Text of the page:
Patrick Zamarripa's father was watching television Thursday night at his home 40 miles west of Dallas when news flashed that a barrage of shots were fired in the city during a peaceful protest.
Rick Zamarripa knew his son, a 32-year-old Dallas cop, recently commenced working as a bike officer downtown.
Patrick may have enjoyed his work, but it was a worry for Rick who would often send texts to his son asking if he was okay.
“Yes, dad. I’ll call you back" was Patrick's typical, speedy return text, the Washington Post reported.
But there was no reply this time.
“I didn’t hear nothing,” his dad told the Post.
So Rick Zamarripa got in touch with his son's wife, Kristy Villasenor. At first she didn't know anything, either — but was soon told to get to Parkland Memorial Hospital.
Rick took off right away and was the first family member to arrive, the Post said.
He asked an officer, “How’s Patrick?” but received no answer, the paper said. “He had that look on his face. I knew.”
Patrick's stepmother also texted him after hearing news about police officers shot in downtown Dallas. And seconds later she also was summoned to Parkland — and given the worst news: "I was told he passed away at 9:17. So he would have never saw my text," a tearful Maria Zamarripa told the New York Daily News. "We were always worried about something happening to him."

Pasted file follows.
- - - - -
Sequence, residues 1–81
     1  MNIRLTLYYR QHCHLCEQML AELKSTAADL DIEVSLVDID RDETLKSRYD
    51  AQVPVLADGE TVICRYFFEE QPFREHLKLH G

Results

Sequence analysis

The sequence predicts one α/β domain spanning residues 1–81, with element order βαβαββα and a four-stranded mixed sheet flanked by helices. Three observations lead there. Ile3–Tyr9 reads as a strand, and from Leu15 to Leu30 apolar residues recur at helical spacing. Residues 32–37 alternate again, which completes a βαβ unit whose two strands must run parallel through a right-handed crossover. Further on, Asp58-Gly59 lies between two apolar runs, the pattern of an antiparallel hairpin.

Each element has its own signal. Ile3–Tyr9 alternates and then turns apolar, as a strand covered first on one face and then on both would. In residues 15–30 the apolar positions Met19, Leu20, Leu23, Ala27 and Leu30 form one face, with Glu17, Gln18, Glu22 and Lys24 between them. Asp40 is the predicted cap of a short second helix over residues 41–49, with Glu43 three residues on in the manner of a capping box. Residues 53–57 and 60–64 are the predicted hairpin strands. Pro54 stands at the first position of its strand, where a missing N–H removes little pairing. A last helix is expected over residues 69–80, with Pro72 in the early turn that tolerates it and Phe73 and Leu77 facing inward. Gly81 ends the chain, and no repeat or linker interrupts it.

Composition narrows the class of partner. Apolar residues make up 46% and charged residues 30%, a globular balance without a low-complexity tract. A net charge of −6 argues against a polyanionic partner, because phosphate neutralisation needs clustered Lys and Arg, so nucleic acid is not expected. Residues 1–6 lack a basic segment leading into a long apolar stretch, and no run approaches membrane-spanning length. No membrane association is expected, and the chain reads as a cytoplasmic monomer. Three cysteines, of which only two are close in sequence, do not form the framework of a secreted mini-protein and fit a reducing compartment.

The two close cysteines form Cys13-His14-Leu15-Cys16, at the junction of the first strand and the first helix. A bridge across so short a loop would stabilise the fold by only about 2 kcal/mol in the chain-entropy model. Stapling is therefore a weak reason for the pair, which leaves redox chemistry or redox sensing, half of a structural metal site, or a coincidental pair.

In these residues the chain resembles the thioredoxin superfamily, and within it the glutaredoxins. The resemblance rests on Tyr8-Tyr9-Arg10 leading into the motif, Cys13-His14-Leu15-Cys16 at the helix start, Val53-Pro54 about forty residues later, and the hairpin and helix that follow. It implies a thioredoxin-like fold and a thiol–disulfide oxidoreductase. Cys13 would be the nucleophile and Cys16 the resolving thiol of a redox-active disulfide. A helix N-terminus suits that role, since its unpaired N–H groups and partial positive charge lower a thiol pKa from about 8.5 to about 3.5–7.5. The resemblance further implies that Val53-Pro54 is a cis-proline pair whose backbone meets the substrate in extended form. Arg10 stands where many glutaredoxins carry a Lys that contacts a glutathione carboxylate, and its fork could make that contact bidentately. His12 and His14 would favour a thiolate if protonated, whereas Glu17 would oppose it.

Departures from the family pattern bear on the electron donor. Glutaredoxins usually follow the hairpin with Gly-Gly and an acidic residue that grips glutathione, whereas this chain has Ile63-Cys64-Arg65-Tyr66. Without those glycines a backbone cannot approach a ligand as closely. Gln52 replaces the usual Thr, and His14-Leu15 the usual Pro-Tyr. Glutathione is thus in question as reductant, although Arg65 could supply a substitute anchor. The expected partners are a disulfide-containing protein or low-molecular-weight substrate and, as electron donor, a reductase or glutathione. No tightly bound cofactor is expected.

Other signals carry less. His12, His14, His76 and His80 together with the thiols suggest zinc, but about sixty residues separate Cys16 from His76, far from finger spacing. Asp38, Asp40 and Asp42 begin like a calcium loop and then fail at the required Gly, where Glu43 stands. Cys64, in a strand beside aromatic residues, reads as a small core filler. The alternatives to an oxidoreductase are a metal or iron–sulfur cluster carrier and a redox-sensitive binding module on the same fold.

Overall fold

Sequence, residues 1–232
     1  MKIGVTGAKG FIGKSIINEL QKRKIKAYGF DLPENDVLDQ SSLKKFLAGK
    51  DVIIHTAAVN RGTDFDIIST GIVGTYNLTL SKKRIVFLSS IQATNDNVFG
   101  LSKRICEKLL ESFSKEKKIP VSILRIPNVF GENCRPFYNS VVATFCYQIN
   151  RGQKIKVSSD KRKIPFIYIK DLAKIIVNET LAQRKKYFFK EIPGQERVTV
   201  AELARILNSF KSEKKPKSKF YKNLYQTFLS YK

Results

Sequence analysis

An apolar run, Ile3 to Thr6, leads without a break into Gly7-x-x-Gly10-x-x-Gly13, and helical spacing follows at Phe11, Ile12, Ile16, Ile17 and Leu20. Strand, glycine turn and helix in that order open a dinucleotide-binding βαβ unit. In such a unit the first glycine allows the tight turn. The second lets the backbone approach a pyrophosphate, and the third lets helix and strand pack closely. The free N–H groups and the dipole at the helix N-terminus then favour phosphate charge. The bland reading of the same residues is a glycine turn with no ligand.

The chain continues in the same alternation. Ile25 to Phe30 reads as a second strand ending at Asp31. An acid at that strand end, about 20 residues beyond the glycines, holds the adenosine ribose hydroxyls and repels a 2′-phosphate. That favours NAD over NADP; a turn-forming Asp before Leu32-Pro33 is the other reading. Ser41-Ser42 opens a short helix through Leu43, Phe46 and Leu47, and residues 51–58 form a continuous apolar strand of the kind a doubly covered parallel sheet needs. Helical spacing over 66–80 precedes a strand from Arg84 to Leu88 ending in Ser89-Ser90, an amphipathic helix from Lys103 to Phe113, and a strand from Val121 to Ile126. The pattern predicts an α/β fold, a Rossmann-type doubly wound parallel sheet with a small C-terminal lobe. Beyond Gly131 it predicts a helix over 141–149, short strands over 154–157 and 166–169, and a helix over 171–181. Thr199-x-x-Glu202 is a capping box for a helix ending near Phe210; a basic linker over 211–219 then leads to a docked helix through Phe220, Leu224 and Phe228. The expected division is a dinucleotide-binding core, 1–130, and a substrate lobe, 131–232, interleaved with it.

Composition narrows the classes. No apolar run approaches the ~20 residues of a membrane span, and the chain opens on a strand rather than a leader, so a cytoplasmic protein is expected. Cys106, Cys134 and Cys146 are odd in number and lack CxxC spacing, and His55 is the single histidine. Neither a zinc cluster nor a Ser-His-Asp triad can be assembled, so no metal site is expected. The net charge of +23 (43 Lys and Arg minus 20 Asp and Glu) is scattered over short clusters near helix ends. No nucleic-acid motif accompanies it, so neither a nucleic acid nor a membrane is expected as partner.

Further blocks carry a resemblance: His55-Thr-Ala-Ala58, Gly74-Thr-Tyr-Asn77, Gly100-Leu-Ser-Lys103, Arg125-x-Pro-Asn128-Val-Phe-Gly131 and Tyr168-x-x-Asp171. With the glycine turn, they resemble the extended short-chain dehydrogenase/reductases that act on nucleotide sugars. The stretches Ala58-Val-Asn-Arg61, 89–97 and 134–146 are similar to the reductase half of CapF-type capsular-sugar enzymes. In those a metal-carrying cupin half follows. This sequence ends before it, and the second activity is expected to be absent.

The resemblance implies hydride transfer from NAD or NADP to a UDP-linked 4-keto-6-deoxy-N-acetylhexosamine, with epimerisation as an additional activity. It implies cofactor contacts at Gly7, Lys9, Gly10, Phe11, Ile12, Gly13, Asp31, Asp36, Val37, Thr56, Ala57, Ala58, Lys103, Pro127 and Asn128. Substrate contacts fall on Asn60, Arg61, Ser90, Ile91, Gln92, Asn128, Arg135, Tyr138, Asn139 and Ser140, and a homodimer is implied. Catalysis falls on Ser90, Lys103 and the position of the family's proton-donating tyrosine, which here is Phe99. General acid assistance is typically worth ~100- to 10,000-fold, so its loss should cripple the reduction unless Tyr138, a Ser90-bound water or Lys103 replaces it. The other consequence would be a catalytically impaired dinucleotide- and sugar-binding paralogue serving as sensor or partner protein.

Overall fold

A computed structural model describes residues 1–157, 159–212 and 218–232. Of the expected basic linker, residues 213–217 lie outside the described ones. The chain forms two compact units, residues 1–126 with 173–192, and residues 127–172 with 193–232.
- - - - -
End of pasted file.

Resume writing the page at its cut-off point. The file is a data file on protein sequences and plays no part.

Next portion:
But far more worrisome were Patrick's three tours of Iraq, a fact not lost on his father.
“He comes to the United States to protect people here,” Rick told the Post. “And they take his life.”
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Patrick Zamarripa’s entire adult life had been devoted to service. He entered the Navy soon after high school, his father said, and saw combat while working for the military police in Iraq. When he got out about five years ago, he joined the Dallas Police Department.
He just liked to help people, his father said.
A friend, Rick said, had recently asked Zamarripa if he was interested in a job with the Immigration and Naturalization Service. He declined.
“No, I want to stay,” Patrick replied, the paper said. “I love doing this.”
Indeed his Twitter bio reads: "Addicted to the thrill of this job. I own the night. I love my Country, Texas, Family, God, Friends, and Sports! Don't Tread on Me! 'Merica"
But he loved his 2-year-old daughter Lyncoln most of all.
When she was born 12 days shy of Christmas in 2013, he naturally tweeted photos of his little girl — and added a moving caption to one: “Daddy’s got you Lyncoln.”
As Patrick's grieving family gathered Thursday night, Rick Zamarripa told the Post they were briefly allowed to see Patrick's face through a glass window.
At that moment, Rick added to the paper, little Lyncoln cried out for Patrick: “Da da. Da da."